Two methods to correct phonemic transcriptions produced by the acoustic processor of a speech recognition system are described and compared. The first method that was invented by Prof. Teuvo Kohonen and named the Dynamically Expanding Context (DEC), involves a large set of error-correcting rules automatically constructed from examples. This symbolic approach is compared with a connectionist one, which employs a multi-layered feed-forward network trained with back propagation. Our experiments demonstrate that the latter paradigm is far from optimal when context-dependent mapping (e.g. correction) from one set of symbol strings to another is desired. The DEC-method is shown to have better correction capabilities. Beside this, the training time required by DEC is a fraction of that required by back propagation.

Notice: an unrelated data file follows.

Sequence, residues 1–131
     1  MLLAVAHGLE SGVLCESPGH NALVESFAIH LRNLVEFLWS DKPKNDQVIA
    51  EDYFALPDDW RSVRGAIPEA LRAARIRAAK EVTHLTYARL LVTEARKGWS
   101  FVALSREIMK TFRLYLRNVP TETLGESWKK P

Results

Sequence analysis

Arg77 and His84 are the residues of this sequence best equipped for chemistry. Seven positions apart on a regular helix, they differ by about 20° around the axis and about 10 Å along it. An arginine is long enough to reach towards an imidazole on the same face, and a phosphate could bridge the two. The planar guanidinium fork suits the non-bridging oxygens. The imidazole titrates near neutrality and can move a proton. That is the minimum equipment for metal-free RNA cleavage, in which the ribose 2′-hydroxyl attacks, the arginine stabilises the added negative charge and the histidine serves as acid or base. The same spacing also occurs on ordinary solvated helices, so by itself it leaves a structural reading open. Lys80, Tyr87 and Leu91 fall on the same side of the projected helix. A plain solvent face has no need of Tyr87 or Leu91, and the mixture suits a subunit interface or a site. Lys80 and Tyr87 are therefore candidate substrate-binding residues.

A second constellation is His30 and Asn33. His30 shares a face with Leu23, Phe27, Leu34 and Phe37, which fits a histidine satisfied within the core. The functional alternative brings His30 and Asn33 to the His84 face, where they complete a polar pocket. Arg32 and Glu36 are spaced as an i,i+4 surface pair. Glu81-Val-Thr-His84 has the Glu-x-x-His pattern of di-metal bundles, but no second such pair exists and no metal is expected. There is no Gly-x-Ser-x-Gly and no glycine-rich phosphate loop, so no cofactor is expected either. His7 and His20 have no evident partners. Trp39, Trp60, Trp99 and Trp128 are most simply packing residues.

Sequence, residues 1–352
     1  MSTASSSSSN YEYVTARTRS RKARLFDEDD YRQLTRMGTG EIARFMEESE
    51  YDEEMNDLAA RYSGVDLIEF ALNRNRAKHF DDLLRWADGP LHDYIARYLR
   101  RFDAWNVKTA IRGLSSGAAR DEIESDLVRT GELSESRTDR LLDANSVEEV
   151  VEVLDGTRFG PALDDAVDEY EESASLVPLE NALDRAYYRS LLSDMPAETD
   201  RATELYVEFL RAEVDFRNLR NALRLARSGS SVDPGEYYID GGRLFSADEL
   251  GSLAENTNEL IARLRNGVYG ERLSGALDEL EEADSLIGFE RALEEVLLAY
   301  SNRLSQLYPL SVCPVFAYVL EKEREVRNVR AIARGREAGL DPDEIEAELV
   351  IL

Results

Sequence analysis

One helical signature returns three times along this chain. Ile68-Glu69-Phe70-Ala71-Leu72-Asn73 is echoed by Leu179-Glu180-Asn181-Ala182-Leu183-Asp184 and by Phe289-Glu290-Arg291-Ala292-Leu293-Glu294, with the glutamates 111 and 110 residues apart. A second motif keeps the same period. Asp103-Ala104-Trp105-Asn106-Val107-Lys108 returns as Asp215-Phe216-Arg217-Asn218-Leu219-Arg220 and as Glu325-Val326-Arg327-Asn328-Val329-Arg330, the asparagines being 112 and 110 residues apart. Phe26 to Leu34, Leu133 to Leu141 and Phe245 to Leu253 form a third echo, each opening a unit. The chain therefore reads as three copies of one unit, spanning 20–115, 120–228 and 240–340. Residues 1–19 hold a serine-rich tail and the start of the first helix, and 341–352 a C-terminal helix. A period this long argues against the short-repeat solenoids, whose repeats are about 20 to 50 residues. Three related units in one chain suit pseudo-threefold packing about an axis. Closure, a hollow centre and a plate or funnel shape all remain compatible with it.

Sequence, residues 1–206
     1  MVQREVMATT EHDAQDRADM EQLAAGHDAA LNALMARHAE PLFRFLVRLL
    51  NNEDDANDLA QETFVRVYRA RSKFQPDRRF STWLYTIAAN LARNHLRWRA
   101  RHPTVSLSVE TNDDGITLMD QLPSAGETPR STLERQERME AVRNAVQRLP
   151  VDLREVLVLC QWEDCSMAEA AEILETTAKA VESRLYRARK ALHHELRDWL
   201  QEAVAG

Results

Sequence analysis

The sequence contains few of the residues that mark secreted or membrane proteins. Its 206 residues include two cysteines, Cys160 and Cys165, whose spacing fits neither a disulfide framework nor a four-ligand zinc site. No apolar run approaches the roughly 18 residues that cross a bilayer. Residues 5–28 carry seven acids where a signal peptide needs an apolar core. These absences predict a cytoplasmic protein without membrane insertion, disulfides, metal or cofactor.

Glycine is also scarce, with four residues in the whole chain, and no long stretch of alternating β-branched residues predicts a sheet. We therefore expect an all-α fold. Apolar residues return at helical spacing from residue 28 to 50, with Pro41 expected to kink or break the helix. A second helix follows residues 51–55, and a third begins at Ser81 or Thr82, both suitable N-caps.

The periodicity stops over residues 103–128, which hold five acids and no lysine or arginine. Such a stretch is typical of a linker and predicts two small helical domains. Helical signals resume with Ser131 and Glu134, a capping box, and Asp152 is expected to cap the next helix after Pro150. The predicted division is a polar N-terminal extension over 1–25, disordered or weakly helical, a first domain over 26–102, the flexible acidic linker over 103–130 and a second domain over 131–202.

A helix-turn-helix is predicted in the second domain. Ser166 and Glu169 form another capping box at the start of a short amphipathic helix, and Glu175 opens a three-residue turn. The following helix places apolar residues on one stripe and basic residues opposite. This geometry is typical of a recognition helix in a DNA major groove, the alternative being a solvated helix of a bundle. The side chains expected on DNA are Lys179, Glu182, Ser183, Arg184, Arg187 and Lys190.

Bibliographic reference. Torkkola, Kari / Raivio, Kimmo (1989): "Comparison of symbolic and connectionist approaches to eliminate coarticulation effects in phonemic speech recognition", In EUROSPEECH-1989, 1009-1012.